By David Square
Planning and creating your own DIY Christmas tree is a design challenge and a delightful personal expression of your holiday joy. It also sustains the environment by eliminating the need to harvest live trees that clog landfills when their short lives are over.
The most intriguing DIY trees follow the less-is-more design dictum and are constructed of natural materials (driftwood, pine cones) or scrap wood that might otherwise end up in a firepit.
For this design I used:
• 6 pcs: 30” x 1” x ½” scrap spruce
• 1 pc: 25” x 1” x 1” scrap spruce
• 1 pc: 8”-round by 2” thick slab cut from tree
• 1 pc: ¼” dowel
• 1 pc: ½” dowel
• ¾” and 1¼” by #4 flat head wood screws.
Begin by creating two 60-degree equilateral triangles by setting your saw at 30-degrees and cutting the ends of the 6 pieces of 30” spruce at this angle. Use two 1” brads at each corner to temporarily hold the triangles together. Cut the bottom chord of each triangle in half and remove the brads from the apex. You will have four half-triangles.
Take your 25” x 1” square scrap of spruce and position one of the half-triangles against an edge. The end cuts of the apex and the bottom chord should sit squarely against the top and bottom faces of the square member. If necessary, trim the square piece so it is flush with the tip of the triangle. Use ¾” and 1¼” by #4 screws to secure the triangle’s apex to the square member, which is the tree’s trunk. As spruce is prone to splitting, bore countersunk pilot holes before screwing the pieces together. If the tree is to be disassembled, cover the countersunk holes with wood buttons which can be removed to allow access to the screws; otherwise, glue dowels into the holes and shave off and sand their heads when the adhesive is dry. Secure the remaining three triangles to the trunk’s faces in a similar manner.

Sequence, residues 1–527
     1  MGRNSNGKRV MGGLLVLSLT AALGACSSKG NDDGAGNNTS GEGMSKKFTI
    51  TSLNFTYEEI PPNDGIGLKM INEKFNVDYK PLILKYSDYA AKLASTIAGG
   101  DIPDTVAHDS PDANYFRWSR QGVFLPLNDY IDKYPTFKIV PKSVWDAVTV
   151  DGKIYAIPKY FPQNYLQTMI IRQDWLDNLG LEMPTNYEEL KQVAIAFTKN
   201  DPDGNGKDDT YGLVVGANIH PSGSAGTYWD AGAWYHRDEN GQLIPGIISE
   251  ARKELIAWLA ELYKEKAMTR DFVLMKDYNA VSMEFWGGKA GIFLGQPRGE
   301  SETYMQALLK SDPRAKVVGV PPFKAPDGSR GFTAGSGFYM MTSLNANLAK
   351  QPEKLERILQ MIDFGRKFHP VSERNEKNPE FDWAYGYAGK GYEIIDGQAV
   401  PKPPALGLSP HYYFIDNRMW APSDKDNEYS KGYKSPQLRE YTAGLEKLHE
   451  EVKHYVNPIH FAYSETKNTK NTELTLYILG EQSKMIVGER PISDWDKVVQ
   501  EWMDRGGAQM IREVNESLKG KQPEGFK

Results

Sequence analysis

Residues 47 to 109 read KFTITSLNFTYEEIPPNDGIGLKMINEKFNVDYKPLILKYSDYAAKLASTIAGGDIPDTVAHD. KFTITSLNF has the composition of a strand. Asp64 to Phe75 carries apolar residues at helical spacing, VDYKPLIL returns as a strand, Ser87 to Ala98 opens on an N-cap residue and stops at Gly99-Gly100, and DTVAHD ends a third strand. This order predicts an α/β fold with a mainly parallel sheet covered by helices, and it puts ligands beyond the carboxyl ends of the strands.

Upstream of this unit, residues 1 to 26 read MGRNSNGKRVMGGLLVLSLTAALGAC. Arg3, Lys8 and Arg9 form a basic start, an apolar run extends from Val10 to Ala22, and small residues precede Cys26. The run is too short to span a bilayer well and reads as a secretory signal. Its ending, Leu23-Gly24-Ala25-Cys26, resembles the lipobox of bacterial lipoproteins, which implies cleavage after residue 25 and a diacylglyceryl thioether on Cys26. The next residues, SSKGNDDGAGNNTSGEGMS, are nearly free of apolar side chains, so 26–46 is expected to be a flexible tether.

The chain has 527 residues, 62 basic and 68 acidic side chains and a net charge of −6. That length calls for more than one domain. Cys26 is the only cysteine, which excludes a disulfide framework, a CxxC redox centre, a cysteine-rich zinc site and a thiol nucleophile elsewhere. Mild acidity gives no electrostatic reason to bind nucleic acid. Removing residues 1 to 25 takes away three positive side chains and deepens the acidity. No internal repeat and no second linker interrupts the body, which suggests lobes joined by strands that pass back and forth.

For the base of the tree, I cut an 8”-round by 2” thick slab from a Manitoba Maple which had been blown over in the October wind, rain and snowstorm. The piece was still green and therefore tended to crack when brought into the house. However, it remained sufficiently intact to act as a stable base.
Drill a ½” o.c. hole through the base to receive a ½” dowel drilled and glued 2” into the bottom long grain of the trunk. Do not glue the dowel into the base if you wish to remove the base for storage.
At the top of the tree, drill a ¼” hole about 1” deep into the trunk’s long grain. Glue a ¼” dowel into the hole, allowing the dowel to extend 3” or more above the tree. Use the dowel to support a handmade finial like a star.
To this point, screws aside, the tree is made of recycled materials. Now, however, you are required to decide the type of garland (if any) with which to trim your Christmas masterpiece. As our tree is outside, it is only visible during the short daylight hours. To overcome this problem, we purchased a string of mini-LED lights from Home Hardware for about $9. Though they do require AA batteries, the LEDs sparkle at night, lighting the yard and clearly defining the tree. They come with a timer that shuts down the LEDs so they conserve power by not operating all night.
There is less than a month until Christmas, so you had better build your DIY tree before Santa and his reindeer arrive to decide who has been both “knotty” and nice.